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New report shows that nearly half of Michigan residents face financial instability

April 16, 2019

In late March, several regional and state news sources reported that nearly half of Michigan household are facing financial instability. At least this is how some news sources framed the issue.

MiBiz ran the headline, Study: 43% of Michigan residents face financial instability. The newly former Lansing-based news source, Michigan Advance, had a different headline, one that read, Low-wage working households on the rise in Michigan

These articles were the result of a new study put out by the Michigan Association of United Ways, entitled, ALICE in Michigan: A Financial Hardship Study. The 41-page report is based on a methodology for how to measure Asset Limited, Income Constrained, Employed – ALICE. ALICE is essentially a household that is living above the federal poverty level, but still unable to meet their basic needs.

There is a recognition in this new report that nearly half of the households in Michigan are financially struggling. The report includes lots of data, like what you see in the graph above. However, the notion of what individuals and families need to live off of can and should be challenged, since many of the amounts listed above would be inadequate. For example, the housing cost for an individual and a family doesn’t fit the current housing costs in West Michigan.

The new report is an important contribution to our understanding of poverty and income for those living in Michigan. If nearly 50% of the households in Michigan are financially unstable, what does that say about the current economy within a neoliberal capitalist framework? Does this mean that capitalism only works for half the population? I would argue that more than half of the population suffers under the economic system of capitalism, since so many more individuals and families are in debt and at the mercy of the unstable nature of the speculative market.

Another aspect of the news coverage about the ALICE report, is that we primarily get the perspective of those who work in the social services field and those in the United Way. We do get some insight into the realities facing families who are struggling, but their lived experience is not center or explored in depth.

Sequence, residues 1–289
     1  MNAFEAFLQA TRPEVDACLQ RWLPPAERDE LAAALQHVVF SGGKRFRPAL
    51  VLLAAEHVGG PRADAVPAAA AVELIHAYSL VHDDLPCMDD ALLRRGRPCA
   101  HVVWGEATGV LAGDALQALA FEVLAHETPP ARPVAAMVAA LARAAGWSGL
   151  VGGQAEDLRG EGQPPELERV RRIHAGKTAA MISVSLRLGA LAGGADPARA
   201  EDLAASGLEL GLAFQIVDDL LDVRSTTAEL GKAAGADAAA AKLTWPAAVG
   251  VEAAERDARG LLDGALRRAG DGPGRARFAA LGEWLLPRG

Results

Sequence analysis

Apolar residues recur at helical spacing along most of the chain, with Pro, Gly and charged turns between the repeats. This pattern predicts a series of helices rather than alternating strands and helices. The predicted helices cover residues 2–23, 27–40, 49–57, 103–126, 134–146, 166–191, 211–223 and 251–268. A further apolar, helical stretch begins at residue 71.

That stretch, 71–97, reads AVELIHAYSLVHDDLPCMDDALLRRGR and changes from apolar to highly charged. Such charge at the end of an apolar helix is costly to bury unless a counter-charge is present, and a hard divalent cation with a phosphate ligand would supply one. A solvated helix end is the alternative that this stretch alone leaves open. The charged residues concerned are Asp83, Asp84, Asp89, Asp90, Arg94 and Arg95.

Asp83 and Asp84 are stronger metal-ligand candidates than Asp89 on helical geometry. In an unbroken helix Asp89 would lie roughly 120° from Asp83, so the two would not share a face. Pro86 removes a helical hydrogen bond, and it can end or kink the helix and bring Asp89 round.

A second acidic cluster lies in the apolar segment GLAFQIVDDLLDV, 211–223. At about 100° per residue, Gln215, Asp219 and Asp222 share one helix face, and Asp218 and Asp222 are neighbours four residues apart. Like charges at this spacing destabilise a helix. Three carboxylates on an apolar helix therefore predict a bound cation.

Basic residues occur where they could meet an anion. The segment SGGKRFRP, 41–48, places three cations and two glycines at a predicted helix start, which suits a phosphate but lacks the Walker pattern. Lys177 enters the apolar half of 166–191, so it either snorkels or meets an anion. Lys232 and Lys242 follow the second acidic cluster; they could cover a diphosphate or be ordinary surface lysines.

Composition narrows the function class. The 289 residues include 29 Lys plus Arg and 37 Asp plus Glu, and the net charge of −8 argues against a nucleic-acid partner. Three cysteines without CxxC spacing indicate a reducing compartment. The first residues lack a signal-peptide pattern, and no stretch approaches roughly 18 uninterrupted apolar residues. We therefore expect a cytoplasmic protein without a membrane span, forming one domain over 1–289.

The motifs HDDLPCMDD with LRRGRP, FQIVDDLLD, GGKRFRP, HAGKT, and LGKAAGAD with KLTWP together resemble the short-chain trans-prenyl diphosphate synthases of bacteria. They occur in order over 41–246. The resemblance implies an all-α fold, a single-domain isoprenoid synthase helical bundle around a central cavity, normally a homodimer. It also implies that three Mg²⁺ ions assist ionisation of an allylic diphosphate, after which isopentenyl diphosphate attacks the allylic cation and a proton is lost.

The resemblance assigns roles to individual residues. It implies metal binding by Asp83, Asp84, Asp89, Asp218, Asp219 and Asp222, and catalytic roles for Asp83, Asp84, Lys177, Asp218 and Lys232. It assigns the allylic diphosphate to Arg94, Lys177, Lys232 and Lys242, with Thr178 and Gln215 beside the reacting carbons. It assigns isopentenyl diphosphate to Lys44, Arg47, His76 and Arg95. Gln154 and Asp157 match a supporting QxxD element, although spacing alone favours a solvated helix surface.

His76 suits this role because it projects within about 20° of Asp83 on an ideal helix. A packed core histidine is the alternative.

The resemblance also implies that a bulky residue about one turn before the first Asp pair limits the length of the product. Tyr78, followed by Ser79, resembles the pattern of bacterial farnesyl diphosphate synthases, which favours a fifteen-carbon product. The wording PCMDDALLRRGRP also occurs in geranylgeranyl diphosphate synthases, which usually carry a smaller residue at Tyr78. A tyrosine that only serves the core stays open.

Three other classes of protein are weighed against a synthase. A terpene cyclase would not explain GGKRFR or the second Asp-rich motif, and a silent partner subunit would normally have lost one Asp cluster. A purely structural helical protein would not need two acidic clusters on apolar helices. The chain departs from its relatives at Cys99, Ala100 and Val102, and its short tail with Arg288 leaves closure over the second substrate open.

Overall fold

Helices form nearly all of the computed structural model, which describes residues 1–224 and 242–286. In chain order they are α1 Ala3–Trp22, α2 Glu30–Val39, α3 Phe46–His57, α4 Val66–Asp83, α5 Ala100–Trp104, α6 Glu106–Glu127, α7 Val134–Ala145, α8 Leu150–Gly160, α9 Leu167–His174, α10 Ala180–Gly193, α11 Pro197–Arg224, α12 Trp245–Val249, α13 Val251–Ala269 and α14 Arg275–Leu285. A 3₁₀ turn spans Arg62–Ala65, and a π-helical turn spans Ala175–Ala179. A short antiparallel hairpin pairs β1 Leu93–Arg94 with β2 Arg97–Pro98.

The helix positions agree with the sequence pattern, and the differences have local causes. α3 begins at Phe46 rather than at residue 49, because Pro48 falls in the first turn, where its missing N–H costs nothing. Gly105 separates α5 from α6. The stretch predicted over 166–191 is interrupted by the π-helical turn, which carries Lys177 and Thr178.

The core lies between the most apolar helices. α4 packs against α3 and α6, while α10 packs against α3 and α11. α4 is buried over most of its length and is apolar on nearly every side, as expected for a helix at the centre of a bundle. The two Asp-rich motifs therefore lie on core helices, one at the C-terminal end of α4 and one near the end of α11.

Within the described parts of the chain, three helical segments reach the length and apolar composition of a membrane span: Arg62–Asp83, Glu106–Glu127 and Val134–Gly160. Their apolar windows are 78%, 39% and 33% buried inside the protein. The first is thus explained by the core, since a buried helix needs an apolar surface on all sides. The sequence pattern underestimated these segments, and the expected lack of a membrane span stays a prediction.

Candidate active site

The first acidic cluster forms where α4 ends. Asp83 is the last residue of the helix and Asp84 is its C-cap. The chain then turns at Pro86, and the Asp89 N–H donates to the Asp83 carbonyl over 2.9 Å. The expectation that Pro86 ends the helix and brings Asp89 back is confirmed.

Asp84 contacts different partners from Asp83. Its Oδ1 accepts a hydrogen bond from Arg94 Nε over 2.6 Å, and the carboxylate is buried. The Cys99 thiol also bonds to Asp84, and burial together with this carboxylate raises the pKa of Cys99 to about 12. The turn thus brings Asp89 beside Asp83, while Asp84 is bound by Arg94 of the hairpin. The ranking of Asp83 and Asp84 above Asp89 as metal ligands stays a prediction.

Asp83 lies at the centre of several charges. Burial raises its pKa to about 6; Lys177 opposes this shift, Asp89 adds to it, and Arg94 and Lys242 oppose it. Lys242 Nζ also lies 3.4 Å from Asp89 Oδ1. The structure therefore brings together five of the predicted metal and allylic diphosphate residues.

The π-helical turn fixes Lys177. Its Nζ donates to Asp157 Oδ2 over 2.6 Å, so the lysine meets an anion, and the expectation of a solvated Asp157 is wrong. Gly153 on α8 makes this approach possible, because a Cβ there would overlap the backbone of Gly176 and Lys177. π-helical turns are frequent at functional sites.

Early on in the report, those who put it together refer to is as a grassroots movement. (see above) To call it a grassroots movement is an inaccurate way of framing the research. While the research is useful, it is not grassroots, since non-profits agencies, in partnership with governments and corporate sponsors are NOT grassroots. If you read the last sentence in the statement below, it makes it clear who the partners are who is omitted. Those who are experiencing poverty and financial instability are not identified as being involved in determining the “strategies for positive change.” Any grassroots movement that addresses social issues must be led by the people who are most affected, which in this case are the individuals, families and communities that are experiencing poverty and other forms of harm under the economic system of capitalism.

The fact that corporations are seen as partners with the United Way, should be a red flag for anyone who really wants to develop strategies that will be beneficial for those currently affected by the economic system. In the same edition of MiBiz that included their article on the ALICE report, another story was headlined, Michigan execs remain optimistic about state economy, job growth

It is imperative that when people talk about the growth of the economy, it does not correlate that what is good for “the economy” is good for the people. If there is anything that we should learn from capitalism, it’s that economic growth primarily means that those at the top, the one percent or the capitalist class, are the ones who will benefit.

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